The winds are shifting, if the campaign experiences of candidates in two state Senate special elections are any indication.
Doris Christopher warmly greeted her state representative and candidate for state Senate, Jeff Hayden, outside her tidy south Minneapolis home one drizzly afternoon last week. But it wasn't long before she exuded heat of another kind.
"Ninety-five percent of us are saying 'We need jobs!'" the retired paralegal supervisor sputtered with surprising vehemence. "The Republicans are saying no to everything Obama wants. They aren't listening to us! I'm angry!"
Anger has been sparking easily at District 61 doors during the run-up to next Tuesday's special election, Hayden told me as we proceeded across Oakland Av. S.
The lament at the next house from artist Anne Brink was typical, too: "I know so many people who are hurting, who don't have work or don't have enough work."
The young mother a few doors down who wouldn't reveal her name said her electrician husband finally has work in the Twin Cities again, after a two-and-a-half-year local employment drought that took him as far away as North Dakota for a paycheck. Keep state building projects coming, she pleaded.
Hayden hopes to be in a position to respond affirmatively to her plea. He's the DFL nominee for the Senate seat being vacated by legislative legend Linda Berglin.
If south Minneapolis voters adhere to their usual partisan proclivities, Hayden will top a field of four candidates in Tuesday's special election and move to the Senate. There, he hopes that Berglin's seat on the Senate Capital Investment Committee will be his.
Similarly favored to win on Tuesday is the other DFL nominee for a vacant Senate seat, nurse Chris Eaton in District 46. She has two opponents. That Brooklyn Center-Brooklyn Park district reliably tilts DFL; it sent the late Linda Scheid to the Legislature 11 times.
These two oddly timed special elections (set for Oct. 18 at the request of local elections officials, the governor's office said) will offer state politics wonks this year's only opportunity to parse legislative district vote tallies. Any statewide conclusions sketched from this pair's results are going to be pretty faint.
Still, what these districts' voters are telling Eaton and Hayden is worth sniffing out and hearing out -- at least as worthy, thought I, as the chants that have been hollered on Hennepin County Government Center's plaza and around downtown's big banks for more than a week.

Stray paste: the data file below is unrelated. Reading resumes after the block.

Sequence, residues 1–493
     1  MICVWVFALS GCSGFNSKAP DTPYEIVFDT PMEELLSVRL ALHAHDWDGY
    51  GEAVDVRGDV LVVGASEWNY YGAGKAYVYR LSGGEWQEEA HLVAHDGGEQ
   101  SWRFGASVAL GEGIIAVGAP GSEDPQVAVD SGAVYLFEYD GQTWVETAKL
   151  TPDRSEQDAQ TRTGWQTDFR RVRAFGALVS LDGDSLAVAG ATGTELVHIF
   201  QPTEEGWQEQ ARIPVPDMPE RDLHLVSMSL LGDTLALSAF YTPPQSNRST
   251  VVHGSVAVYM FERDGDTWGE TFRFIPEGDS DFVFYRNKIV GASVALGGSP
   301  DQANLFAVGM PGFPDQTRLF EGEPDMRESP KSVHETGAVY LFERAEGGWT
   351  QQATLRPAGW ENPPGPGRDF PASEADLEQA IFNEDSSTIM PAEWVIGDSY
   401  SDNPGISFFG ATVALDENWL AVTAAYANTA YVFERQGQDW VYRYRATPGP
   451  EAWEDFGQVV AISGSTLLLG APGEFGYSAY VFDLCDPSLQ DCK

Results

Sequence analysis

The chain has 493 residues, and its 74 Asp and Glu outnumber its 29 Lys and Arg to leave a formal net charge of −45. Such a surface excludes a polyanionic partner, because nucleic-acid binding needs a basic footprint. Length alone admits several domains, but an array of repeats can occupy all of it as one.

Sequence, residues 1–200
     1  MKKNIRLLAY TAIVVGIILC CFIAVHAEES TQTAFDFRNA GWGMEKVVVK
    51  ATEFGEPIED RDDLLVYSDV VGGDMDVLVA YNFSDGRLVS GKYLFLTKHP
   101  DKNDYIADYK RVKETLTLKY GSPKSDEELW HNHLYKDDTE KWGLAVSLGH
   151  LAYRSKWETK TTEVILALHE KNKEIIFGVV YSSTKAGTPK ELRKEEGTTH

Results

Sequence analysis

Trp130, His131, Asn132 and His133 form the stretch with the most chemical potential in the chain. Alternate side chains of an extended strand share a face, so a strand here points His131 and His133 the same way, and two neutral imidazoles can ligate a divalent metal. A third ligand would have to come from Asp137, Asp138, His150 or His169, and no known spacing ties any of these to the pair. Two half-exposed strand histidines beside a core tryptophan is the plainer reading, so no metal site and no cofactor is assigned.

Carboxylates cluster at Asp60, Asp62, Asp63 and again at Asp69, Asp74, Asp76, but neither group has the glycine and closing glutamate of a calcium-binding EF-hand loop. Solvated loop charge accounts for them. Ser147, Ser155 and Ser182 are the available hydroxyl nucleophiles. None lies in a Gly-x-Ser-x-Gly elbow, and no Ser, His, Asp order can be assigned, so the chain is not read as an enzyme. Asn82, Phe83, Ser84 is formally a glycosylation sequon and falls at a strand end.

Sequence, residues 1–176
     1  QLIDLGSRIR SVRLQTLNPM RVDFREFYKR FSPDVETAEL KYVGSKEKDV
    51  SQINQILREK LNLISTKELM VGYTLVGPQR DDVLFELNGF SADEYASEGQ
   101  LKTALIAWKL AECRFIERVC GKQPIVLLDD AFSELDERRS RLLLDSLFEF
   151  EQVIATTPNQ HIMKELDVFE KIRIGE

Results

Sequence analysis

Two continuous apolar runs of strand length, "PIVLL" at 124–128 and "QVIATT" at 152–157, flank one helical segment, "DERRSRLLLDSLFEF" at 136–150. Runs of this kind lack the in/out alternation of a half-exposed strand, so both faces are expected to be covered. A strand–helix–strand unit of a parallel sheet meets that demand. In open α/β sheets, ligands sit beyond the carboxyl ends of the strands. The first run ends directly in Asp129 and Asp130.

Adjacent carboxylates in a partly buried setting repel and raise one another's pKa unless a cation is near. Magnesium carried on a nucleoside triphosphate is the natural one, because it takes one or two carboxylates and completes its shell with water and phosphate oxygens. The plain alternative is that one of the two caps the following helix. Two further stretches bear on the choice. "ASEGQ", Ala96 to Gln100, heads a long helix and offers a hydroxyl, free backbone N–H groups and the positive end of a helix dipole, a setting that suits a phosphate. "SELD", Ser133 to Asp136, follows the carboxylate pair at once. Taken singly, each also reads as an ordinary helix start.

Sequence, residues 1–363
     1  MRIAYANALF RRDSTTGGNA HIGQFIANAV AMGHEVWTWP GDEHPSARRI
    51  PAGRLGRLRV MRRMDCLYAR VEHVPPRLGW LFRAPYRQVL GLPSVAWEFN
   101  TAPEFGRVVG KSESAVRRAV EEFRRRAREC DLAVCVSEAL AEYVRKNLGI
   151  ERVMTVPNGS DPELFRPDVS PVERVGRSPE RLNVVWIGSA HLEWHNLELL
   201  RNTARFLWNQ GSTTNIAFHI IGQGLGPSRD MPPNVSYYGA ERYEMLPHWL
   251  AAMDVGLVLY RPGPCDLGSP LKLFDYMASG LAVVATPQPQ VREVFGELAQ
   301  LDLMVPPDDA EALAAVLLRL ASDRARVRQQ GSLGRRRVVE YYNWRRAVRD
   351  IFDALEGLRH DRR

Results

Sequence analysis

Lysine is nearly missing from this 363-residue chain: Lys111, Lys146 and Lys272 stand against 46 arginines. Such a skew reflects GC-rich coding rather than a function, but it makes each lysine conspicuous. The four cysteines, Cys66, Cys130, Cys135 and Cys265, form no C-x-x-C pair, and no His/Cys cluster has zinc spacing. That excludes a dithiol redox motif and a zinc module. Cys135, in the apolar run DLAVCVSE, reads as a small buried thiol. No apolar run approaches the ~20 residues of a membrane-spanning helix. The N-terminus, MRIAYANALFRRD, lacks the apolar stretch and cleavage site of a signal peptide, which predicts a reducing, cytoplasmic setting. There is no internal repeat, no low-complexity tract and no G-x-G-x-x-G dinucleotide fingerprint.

Some national political observers say they see in Occupy Wall Street and its regional offspring the start of a liberal version of the conservative-populist Tea Party.
That notion could be chalked up to the off-year musings of scribblers already weary of analyzing the wits and wiles of Michele Bachmann and Mitt Romney. Or -- judging from the edge in the voices on Oakland Avenue, and from what Eaton says she's hearing at District 46 doors -- it could be that the scribes are on to something.
"People are very worried," said Hayden. Voters are more on edge this year than they were when the stock market was in free fall three years ago, he said.
Eaton concurred. "There's a lot of fear," she said. "Some worry about losing jobs. Some have lost jobs and worry about losing their houses. Some worry that the people next door have lost their house, and their property values are going down."
When people learned that they'd likely be paying higher property taxes next year, courtesy of the 2011 Legislature's repeal of the homestead credit, it was as though a match had been struck, Eaton said. Previously unfocused anger honed in on Republican resistance to higher taxes on the rich.
Both said voters are also quick to scold the Democratic president and DFL governor for not winning more battles with the GOP.
"You don't hear any longer about good governance or negotiating or 'try to get along,'" Hayden said. "People are very fed up. They see the Tea Partiers as obstructionists, and they want us [DFLers] to be tougher on them. ... These people see their community starting to erode, and they want to fight for it."
Will that fight be carried into the polling place? Low turnout is typical in special elections. The dearth of lawn signs for anyone but Hayden in District 61 suggests that contest lacks drawing power.
But low turnout this Tuesday could signal something else.
"Some people are just disgusted, and tell me they are never going to vote again," Eaton said.
History teaches that when disillusioned people no longer believe democracy can solve their problems, they try to find solutions via other means. If that possibility doesn't give you a chill, I'd recommend a trek through the Minnesota History Center's new exhibit. It's called "1968."
Lori Sturdevant is a Star Tribune editorial writer and columnist. She is at firstname.lastname@example.org.